While Bay Area health officials don’t plan to re-implement COVID-19 guidelines for masking and social distancing for now, their concern about the virus’ delta variant is increasing for unvaccinated people.
The variant, first detected in India and now in more than 80 countries, is now California’s dominant strain of the virus among its new cases.
The main concern, according to health experts, is that the delta variant is believed to be roughly 60 percent more transmissible than the alpha variant, also known as the UK or B.1.1.7 variant, which is currently the most common source of new infections in the U.S.
While state public health officials and the Centers for Disease Control and Prevention have both stood by their current guidance allowing fully vaccinated people to forego a face covering in most settings, the rise of the delta variant is giving some officials pause.
That pause includes the World Health Organization and the Los Angeles County Department of Public Health, both of which have advised but stopped short of mandating that fully vaccinated people should once again don their masks indoors, particularly in places where the vaccination status of others is not readily apparent.
“This is something we’ve been closely following since April,” Marin County Deputy Public Health Officer Dr. Lisa Santora said of the variant. “We had a very proactive approach towards whole genome sequencing.”
Marin County has the distinction of the highest vaccination rate in the 11-county greater Bay Area; 91 percent of residents age 12 and up have received at least one dose and 83.5 percent have completed their vaccination series.
The proportion of delta variant cases to Marin County’s total number of new cases is one of the highest in the state, which Santora said is somewhat misleading since the county currently analyzes each new confirmed case of the virus to determine which variant caused the infection.
“There’s probably a lot more delta activity in counties the size of Los Angeles County, where they have higher absolute numbers of unvaccinated persons compared to Marin County,” she said.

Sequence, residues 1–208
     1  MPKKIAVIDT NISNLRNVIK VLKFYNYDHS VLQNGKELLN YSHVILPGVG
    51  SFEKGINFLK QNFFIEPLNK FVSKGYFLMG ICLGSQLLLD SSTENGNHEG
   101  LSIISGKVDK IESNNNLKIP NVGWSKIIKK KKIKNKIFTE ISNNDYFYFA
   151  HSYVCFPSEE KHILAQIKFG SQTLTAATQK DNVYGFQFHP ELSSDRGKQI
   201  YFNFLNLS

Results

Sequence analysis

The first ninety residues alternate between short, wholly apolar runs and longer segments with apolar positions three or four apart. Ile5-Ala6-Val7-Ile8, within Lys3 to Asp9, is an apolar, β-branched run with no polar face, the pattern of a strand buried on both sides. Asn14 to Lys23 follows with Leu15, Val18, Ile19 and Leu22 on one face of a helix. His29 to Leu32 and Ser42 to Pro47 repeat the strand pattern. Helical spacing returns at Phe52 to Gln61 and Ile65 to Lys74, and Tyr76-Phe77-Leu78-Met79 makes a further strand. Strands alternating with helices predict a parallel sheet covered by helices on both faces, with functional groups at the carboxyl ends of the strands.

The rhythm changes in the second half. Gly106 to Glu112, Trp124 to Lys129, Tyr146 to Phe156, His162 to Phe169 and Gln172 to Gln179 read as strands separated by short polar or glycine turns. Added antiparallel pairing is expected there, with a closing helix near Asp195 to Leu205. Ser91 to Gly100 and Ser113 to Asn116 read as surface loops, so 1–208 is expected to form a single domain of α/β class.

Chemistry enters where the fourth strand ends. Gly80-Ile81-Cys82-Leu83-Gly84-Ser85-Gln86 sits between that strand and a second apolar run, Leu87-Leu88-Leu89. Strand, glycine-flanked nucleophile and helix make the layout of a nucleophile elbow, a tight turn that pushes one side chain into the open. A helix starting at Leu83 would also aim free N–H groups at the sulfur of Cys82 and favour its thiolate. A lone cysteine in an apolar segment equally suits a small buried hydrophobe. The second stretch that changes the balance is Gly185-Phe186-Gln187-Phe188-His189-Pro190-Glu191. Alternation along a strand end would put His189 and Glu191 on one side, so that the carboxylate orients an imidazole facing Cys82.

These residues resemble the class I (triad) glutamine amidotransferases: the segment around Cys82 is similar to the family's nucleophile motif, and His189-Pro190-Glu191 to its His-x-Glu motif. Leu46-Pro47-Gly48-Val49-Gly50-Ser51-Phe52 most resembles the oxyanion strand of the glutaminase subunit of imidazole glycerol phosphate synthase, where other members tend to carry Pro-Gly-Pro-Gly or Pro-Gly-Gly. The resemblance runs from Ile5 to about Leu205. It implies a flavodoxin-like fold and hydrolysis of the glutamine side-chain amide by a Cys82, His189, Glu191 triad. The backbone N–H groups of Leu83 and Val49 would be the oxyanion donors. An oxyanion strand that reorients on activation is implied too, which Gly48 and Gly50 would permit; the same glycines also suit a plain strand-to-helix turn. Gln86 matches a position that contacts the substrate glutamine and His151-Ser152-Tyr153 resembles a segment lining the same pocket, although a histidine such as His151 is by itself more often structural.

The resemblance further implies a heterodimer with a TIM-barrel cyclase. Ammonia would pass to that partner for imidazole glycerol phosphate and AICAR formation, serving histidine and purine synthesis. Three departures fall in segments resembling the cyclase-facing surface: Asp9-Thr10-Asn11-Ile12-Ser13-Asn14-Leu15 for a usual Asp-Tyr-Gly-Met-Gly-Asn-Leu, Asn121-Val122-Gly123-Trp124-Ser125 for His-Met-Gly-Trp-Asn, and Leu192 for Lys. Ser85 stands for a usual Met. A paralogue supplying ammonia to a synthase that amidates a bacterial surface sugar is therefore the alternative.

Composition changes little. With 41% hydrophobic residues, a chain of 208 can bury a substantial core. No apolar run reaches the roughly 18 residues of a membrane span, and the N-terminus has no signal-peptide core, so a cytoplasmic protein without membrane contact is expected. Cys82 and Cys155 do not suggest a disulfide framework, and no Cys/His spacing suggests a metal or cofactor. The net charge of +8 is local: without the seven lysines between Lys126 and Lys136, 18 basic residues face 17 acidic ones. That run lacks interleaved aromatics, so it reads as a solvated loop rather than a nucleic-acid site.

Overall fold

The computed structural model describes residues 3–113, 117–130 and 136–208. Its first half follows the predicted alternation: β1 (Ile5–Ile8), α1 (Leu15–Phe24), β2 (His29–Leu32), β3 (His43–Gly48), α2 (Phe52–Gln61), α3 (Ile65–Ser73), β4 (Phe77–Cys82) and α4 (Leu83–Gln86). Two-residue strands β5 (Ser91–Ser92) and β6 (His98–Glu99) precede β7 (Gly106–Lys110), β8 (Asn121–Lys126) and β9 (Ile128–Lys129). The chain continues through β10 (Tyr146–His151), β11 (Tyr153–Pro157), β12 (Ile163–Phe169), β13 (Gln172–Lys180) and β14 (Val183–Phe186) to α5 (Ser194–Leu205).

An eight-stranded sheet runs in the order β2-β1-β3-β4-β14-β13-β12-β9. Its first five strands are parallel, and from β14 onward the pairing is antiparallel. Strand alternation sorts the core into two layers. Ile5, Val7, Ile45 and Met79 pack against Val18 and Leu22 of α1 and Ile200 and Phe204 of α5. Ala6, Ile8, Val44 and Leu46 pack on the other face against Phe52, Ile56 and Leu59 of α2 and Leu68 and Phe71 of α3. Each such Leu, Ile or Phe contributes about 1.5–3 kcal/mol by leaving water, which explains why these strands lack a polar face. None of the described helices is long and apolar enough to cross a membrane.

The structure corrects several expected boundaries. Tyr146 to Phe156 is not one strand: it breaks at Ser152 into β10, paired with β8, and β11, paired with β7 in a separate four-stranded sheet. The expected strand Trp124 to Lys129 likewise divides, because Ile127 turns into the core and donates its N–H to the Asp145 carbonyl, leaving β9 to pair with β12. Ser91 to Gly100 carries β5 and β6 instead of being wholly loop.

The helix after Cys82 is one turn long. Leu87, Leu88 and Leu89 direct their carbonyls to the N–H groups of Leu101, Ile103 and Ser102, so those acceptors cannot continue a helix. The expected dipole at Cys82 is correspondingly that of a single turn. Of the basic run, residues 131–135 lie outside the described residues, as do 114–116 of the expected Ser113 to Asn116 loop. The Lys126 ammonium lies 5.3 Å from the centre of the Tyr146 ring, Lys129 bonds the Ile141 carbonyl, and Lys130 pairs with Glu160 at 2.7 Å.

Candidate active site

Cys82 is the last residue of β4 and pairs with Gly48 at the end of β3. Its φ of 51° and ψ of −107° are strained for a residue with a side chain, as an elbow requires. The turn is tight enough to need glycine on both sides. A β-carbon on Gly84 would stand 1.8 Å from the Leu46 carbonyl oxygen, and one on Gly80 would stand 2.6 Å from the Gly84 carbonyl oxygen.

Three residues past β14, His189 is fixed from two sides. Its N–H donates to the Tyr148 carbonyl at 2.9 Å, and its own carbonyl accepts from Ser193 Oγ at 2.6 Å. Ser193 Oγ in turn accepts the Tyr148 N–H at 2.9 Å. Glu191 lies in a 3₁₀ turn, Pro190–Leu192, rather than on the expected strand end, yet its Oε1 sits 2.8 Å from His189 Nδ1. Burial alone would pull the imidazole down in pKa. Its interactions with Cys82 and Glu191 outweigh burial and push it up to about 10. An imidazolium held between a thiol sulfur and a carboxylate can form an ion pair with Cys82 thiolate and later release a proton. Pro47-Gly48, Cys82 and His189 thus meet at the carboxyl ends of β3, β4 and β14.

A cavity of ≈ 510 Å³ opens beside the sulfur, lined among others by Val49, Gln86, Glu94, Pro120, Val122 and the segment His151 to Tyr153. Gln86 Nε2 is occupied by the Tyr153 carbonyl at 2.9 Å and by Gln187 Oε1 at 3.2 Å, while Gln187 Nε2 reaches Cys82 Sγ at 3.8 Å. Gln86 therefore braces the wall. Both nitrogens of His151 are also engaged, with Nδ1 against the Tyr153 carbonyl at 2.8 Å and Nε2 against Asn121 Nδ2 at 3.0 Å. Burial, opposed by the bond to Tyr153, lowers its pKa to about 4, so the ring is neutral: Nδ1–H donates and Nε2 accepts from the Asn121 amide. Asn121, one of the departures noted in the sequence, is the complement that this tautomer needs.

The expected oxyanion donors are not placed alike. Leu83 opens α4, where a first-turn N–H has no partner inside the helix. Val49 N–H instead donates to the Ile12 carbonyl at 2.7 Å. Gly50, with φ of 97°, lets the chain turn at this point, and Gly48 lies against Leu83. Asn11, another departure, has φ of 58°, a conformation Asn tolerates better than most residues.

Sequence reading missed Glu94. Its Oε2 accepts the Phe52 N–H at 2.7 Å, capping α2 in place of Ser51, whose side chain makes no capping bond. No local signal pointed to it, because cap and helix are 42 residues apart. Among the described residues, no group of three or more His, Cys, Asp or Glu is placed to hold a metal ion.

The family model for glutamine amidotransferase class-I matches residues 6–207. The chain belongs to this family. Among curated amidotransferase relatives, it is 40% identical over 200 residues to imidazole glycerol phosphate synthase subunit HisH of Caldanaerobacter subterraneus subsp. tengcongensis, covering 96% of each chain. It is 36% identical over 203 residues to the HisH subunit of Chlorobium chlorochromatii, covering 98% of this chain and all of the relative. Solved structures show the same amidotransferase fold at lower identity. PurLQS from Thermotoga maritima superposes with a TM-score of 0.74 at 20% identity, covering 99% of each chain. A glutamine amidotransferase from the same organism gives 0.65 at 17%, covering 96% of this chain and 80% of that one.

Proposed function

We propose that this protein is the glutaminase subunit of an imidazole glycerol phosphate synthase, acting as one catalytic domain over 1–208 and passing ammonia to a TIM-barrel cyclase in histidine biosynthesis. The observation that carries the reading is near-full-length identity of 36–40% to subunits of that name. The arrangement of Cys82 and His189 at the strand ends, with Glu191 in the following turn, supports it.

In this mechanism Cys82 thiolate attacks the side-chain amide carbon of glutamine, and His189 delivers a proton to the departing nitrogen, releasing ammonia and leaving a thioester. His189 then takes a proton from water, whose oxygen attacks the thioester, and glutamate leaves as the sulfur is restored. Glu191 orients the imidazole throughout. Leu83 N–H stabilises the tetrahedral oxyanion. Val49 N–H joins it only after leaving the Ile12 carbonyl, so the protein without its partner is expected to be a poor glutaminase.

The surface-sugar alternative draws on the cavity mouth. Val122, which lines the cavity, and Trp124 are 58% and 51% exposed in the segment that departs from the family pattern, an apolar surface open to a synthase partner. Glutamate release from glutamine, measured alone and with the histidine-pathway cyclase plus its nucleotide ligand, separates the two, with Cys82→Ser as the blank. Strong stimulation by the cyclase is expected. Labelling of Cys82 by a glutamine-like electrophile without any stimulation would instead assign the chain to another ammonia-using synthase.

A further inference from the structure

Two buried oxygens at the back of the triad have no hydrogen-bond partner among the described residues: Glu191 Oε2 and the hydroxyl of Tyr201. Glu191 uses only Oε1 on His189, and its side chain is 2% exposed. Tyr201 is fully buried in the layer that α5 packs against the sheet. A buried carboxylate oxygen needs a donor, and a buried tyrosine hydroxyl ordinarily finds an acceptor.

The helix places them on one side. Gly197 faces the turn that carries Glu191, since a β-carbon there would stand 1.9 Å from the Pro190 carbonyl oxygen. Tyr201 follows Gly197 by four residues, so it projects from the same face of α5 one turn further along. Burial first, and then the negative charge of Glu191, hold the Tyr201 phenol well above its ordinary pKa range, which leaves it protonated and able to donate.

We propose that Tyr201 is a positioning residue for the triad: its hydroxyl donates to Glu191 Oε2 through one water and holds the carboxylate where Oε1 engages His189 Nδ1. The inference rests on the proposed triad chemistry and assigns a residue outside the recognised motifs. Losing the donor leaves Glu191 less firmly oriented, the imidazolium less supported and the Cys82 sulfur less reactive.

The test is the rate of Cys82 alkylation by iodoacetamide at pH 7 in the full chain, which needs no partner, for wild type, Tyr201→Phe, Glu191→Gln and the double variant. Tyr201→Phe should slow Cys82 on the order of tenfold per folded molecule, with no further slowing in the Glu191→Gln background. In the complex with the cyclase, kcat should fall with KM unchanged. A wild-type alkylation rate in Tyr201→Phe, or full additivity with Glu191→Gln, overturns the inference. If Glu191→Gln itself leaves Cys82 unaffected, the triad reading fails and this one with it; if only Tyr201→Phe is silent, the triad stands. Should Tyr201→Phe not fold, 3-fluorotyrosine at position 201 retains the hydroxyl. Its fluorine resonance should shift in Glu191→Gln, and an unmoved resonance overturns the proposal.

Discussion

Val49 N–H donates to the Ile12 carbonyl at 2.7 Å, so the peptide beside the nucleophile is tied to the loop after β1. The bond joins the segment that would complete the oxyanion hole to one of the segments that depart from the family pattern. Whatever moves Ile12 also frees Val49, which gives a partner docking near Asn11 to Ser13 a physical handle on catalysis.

Marin County’s population as of 2019 was just shy of 260,000 while Los Angeles County was estimated at roughly 10.04 million, according to data from the U.S. Census Bureau.
Marin County health officials investigated a cluster of delta variant cases in late April and early May, but Santora said the cluster was almost immediately extinguished as it simply ran out of unvaccinated hosts to infect.
“Eventually, in Marin County, it doesn’t take long for (unvaccinated) people to interact with many more vaccinated people,” Santora said. “When you’re working in a county the size of Los Angeles County, they don’t have that luxury.”
Initial studies have found that the two available vaccines that use messenger RNA to prime the body’s immune system – those manufactured by Moderna and Pfizer-BioNTech – are upwards of 80 percent effective against the delta variant once a vaccinated person is two weeks past their second of two shots.
On Friday, Johnson & Johnson said the one-dose vaccine developed by its pharmaceutical subsidiary, Janssen, is also effective against the variant.
The effectiveness of the two-dose vaccines plummets, however, when a person has only received their first of two shots, according to health experts.
Even so, Bay Area health officials have used the delta variant to underscore the importance of getting vaccinated, not just to avoid transmitting the virus but to significantly reduce the chance of becoming seriously ill or dying.
“While we are not changing our (guidance) at this time, we are concerned about ongoing transmission in our county, especially amongst the unvaccinated population,” Contra Costa Health Services said in a statement.
Some 72 percent of Contra Costa County residents age 12 and up are fully vaccinated as of Thursday, with 78.2 percent having received at least one dose.
Meanwhile, the divide between the county’s average number of new cases per day per 100,000 residents over the last seven days was stark as of June 29: 0.5 for vaccinated residents, 8.2 for unvaccinated residents.
On Friday, state health officials added to that chorus, urging the state’s residents to get vaccinated if they’ve yet to do so and noting that they expect the state’s proportion of delta variant cases to continue rising.
“We are closely monitoring the spread of COVID-19 and its variants across our state,” California Department of Public Health Director and State Public Health Officer Dr. Tomas Aragon said in a statement. “COVID-19 has not gone away. If you are not vaccinated, you are still at risk.”
Breakthrough cases among vaccinated residents across the state have also been far and few between since vaccinations began in mid-December.
According to state data, only 584 of the more than 20 million vaccinated people in California have contracted the virus and required hospitalization, a rate of just 0.003 percent.
Marin County has identified 76 breakthrough cases to date, Santora said, but none of them have become so ill as to need to be hospitalized.
“A vaccine does not provide a forcefield,” she said. “If you’re exposed to someone who’s coughing with COVID-19, that virus is going to get into your system and start replicating. Your body is ready to respond … but if you’re vaccinated, that’s going to happen much more quickly.”